Hot Cutting Fabric

I’m not sure what the best name for this is – heat cutting, hot knife, hot cutting – but the idea is simple: Cut synthetic fabric and seal the edge at the same time. If anyone has been caught sitting a bit too close to a fire in some nice nylon pants and gotten a spark on them, you would know that the pants didn’t burn or smoulder, but they quickly and efficiently melted in the exact place where the heat made contact. It is this property that allows us to use a hot knife (or in my case a soldering iron) to essentially melt the fabric as if cutting it with scissors. Once the cut is made, all of the raw edges are seared and won’t fray.

I’ve worked on two projects using this cutting method, each with fabric on opposite ends of the synthetic spectrum. The first was the chalk bucket, using 1000D Cordura, and the second was a pillow cover, using 30D nylon (which will hopefully be a post soon). I’ve learned a couple of things, and I thought I would share it.

First are the pieces needed. The two things I am using are a pane of glass measuring 30″x36″ and a soldering iron purchased from the local Home Depot. The total cost is about $35, give or take. It isn’t the cheapest way to cut fabric, but if you are dealing with lightweight synthetic fabrics on a regular basis, and I would say most UL MYOGers are, it can be worth it. The soldering iron comes with a few tips, but one of them comes to a nice point and works well for cutting. It is hot enough to cut through even the 1000D with just two pretty easy strokes. The glass is meant to give a heat resistance surface to cut on to protect your table. The combination works very nicely together. One other thing I use is a wetted sponge, to help clean the tip of the iron.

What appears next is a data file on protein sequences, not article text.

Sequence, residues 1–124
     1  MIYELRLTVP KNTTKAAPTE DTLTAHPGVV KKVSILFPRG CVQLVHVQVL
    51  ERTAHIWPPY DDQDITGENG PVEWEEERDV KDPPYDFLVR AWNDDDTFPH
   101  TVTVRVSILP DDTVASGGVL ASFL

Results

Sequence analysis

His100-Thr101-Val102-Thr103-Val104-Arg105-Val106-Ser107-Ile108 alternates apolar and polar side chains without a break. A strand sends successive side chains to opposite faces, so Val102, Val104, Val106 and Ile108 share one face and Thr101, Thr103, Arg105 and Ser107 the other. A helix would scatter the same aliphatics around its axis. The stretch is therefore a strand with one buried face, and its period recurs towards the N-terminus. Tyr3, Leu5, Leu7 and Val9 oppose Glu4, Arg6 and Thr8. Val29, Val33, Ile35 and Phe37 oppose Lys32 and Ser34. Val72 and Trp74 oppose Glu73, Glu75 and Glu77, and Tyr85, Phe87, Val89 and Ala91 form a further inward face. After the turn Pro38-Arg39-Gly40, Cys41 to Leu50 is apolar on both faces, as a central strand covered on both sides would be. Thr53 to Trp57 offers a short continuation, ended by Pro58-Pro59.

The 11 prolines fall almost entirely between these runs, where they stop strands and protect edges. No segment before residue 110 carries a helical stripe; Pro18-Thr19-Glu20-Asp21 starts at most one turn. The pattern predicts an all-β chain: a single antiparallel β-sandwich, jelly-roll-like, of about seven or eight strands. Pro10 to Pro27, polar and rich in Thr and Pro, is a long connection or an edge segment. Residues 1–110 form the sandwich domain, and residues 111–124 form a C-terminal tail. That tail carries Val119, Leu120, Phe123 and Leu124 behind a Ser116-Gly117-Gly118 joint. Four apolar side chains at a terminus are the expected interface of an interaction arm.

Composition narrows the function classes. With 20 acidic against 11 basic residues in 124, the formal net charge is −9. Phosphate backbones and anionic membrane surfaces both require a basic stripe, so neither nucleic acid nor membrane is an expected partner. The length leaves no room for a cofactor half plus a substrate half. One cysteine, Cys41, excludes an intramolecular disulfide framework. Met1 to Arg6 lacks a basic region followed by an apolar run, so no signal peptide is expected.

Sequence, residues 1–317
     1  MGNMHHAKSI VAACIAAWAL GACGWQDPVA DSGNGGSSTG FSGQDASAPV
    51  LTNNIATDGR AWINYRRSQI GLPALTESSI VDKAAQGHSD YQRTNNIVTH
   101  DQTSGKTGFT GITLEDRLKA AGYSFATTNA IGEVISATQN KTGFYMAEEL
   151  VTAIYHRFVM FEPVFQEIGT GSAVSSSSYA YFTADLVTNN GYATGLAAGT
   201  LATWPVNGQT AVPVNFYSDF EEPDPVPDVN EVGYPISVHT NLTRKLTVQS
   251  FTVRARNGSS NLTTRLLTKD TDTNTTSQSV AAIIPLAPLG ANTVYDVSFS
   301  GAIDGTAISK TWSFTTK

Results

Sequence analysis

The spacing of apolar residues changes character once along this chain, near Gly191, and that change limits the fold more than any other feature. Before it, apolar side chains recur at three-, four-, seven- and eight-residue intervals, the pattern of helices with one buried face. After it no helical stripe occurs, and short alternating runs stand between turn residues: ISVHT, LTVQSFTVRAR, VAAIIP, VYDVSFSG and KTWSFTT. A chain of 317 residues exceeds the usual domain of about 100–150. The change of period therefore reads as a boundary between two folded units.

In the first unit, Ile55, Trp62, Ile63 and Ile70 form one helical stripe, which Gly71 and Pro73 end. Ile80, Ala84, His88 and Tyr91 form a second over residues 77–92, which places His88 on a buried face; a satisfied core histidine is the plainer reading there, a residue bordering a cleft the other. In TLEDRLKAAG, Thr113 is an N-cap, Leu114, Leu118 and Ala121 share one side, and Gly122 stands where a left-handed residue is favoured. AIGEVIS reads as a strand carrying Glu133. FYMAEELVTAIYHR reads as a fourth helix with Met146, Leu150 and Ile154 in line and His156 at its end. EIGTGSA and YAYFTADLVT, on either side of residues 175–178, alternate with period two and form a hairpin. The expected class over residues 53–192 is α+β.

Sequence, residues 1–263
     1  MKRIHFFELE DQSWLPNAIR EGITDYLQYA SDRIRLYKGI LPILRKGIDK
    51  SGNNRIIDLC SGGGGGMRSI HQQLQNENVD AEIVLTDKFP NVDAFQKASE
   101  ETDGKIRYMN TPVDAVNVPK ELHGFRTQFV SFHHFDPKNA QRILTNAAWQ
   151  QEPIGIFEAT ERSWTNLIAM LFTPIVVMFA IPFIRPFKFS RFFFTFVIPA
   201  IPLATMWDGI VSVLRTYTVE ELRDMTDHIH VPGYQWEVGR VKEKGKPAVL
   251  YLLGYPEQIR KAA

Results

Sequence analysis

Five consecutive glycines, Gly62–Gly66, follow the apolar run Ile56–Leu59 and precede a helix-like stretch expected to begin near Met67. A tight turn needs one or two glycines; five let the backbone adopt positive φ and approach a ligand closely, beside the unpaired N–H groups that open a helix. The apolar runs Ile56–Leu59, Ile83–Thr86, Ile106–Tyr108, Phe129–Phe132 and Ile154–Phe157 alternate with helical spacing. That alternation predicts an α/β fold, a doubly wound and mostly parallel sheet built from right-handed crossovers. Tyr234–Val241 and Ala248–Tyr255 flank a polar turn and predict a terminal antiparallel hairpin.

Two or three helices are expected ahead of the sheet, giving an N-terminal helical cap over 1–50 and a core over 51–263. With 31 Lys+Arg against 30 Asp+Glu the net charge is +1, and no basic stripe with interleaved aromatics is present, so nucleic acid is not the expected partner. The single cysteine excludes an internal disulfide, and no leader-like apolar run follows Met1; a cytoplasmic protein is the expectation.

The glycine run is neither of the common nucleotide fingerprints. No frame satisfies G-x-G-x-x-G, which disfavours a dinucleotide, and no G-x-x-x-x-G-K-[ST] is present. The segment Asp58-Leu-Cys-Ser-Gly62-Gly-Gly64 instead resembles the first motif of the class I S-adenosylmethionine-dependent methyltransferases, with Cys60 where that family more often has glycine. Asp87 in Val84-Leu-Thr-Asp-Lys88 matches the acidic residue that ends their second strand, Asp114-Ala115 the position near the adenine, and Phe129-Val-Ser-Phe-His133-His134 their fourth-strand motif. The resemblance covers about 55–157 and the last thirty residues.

Tools shown ready for cutting. I have the sponge for cleaning the tip, the soldering iron ready to go on the mount, my fabric held down by water bottles, which just helps a bit, all on top of the pane of glass (which I keep the cardboard backing for)

Another tool I am regularly using is a 12″x8″ metal carpenter’s square. What I have found is that with heavy fabrics you can free hand just about any shape you want while cutting. However, with 30D fabric, cutting along the length of the ruler is the safe bet. With some practice, I think free handing it will be possible with lightweight fabric, but using the ruler was very quick and efficient. By getting a metal one, you can have the tip of the soldering iron right next to the ruler and not worry about accidentally getting more than you meant. By getting one with a right angle, measurements are easier to make, and you can also use it for cutting corners out like the below.


Another tip I can give is that if you need to cut a segment longer than your ruler, you should cut it, then peel is back before moving the ruler. This way the cut line stays consistent, and you will know if there are any spots that you missed or melted, then meshed back together, which can indeed happen.


One important thing to remember is that the iron is hot – hopefully 900 degrees if the box tells it true. So this is a bit more dangerous than cutting fabric with scissors. There is always the possibility of melting fabric you didn’t mean to or burning yourself. Be sure to treat the iron with respect. Oh, and it is best to keep a window open to let everything air out.